A collection of late 19th and early 20th century theatre programs and theatre ephemera from Broadway and Off-Broadway Theatres in New York, New York.
A collection of late 19th and early 20th century Broadway and Off-Broadway (New York, New York) theatre programs and related ephemera collected by Phillip A. Graneto and assembled by Graneto for a prospective book project that was not completed. The cover of the programs are predominately in color. The inventory sheets in Series 4 contain Graneto's notes on each theatre represented. The ephemera consists of material on Henry E. Dixey, well-known actor in the late 19th early 20th century, broadsides from the Varieties Theatre in New Orleans, Louisiana, and other non-theatrical programs perhaps most notably from the 1926 Warner Brothers film production of Don Juan starring John Barrymore, the first motion picture to use the Vitaphone sound on disc recording for synchronized music and sound effects, but not spoken dialogue. There is one piece of sheet music from the play, Balieff's Chauve-Souris.
This collection is arranged into four series.
Series 1: Dixey, Henry E., actor, 1885-1937
Series 2: Varieties Theatre (New Orleans, Louisiana), 1868
Series 3: Oversize Motion Picture and Theater Programs, and Sheet Music, 1924-1929
Series 4: Broadway Theater Programs (New York, New York) 1919-1930, undated
Biographical / Historical:
Phillip A. Graneto is a theatrical designer and illustrator. Originally he collected the bulk of this material with the intention of writing and publishing a book on Broadway and Off Broadway theatres of New York, New York centering on the decade of the 1920s. Graneto began researching and writing, gathering programs from each of the then existing theatres, fleshing out their histories with notes about their productions, changes in names and purpose, and in some cases their ultimate demolition. He collected and assembled the theatre programs into four binders with accompanying notes. Ultimately the proposed book did not come to fruition.
Graneto writes about the 1920s New York theatre scene, "The decade of the 1920s was a period of wild speculation in many areas, and the audience for live theatre in the New York area was enormous. Building theatres seemed like a great way to make lots of money. And then, the bubble burst. When motion pictures learned to talk in 1927 show business moved to Hollywood, and took much of Broadway's glamour with it."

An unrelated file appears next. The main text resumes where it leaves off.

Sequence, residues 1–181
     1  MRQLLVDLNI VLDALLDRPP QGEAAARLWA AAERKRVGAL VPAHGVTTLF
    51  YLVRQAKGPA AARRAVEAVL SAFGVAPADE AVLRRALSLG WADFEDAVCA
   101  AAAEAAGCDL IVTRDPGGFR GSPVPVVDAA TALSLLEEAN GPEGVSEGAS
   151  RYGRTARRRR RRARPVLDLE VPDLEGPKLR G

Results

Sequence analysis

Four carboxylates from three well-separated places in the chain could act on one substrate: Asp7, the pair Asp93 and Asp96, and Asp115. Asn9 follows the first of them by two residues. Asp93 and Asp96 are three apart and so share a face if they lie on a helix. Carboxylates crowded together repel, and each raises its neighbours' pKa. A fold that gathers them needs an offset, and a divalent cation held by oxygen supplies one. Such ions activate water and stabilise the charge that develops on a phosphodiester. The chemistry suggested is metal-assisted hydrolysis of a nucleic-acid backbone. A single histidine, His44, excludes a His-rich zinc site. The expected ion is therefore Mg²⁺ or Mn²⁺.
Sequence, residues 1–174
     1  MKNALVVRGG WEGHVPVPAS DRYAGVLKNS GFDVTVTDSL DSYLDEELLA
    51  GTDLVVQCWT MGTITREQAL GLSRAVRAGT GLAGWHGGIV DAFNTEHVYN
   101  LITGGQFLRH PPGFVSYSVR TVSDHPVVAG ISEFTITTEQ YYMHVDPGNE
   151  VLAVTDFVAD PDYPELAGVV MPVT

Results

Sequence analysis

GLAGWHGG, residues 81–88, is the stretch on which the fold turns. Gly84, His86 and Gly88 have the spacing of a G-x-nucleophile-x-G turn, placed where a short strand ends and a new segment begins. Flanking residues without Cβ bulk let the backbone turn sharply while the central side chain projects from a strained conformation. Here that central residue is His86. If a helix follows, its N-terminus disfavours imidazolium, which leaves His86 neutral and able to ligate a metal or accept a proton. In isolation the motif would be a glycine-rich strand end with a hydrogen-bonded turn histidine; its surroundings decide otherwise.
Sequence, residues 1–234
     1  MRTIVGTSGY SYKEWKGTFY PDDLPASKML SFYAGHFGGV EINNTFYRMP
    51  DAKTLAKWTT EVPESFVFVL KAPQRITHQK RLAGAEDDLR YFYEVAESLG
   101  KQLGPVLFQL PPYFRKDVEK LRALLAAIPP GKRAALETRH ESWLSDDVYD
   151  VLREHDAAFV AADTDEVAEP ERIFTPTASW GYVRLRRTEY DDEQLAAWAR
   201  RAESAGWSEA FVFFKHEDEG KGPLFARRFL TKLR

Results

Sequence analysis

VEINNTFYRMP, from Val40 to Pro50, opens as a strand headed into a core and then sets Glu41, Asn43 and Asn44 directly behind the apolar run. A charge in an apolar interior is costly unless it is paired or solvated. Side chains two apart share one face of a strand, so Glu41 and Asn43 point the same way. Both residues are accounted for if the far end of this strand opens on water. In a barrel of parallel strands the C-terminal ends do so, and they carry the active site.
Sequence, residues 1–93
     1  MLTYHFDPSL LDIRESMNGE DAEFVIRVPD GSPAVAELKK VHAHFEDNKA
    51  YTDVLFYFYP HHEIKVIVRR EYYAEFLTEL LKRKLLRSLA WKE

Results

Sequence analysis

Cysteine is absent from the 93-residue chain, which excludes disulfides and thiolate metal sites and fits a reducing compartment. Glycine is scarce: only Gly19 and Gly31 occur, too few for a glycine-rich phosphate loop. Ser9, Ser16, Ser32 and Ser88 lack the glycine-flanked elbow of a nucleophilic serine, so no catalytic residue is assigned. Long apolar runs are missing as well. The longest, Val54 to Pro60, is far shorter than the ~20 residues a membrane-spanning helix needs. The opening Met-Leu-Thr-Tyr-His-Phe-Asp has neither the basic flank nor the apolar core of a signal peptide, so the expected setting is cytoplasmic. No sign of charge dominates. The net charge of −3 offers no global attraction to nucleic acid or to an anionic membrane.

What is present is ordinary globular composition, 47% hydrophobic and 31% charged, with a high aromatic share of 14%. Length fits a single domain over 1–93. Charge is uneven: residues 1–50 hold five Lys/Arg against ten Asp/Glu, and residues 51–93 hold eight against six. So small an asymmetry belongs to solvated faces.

Graneto goes on to write, "The 1920s is a seminal decade in the history of American Entertainment. The names Ziegfeld, Belasco, Cohan, Barrymore, Jolson, Shubert, Brice, and Cantor written in white lights on Broadway's theatre marquees cast a unique spell over 20th century entertainment as it developed from the Stage to Radio, to Film and ultimately to Television. These beautiful little colored booklets are part of that story. These cherished mementos of great performances and special occasions have survived in cedar chests, chifferobes, and bookcases for nearly a hundred years because of the uniqueness of the performers and the plays, but also because the booklets are beautiful."
The programs from the decade of the 1920s, in many ways, represent the colorful, Bohemian, Jazz Age attitude of the United States before the Great Depression of the 1930s and the subsequent entry of the United States into World War II. A time when New York City was the cultural capital of the entire United States.
Letter, Keen, Cathy to Graneto, Phillip, undated (Archives Center control file AC1486)
E-mail, Graneto, Phillip to Lintelman, Ryan, 2019 July 21 (Archives Center control file AC1486)
Donated by Phillip Graneto in December 2017 to the Division of Culture and the Arts (now the Division of Cultural and Community Life).
Collection is open for research.
Collection items available for reproduction, but the Archives Center makes no guarantees concerning copyright restrictions. Other intellectual property rights may apply. Archives Center cost-recovery and use fees may apply when requesting reproductions.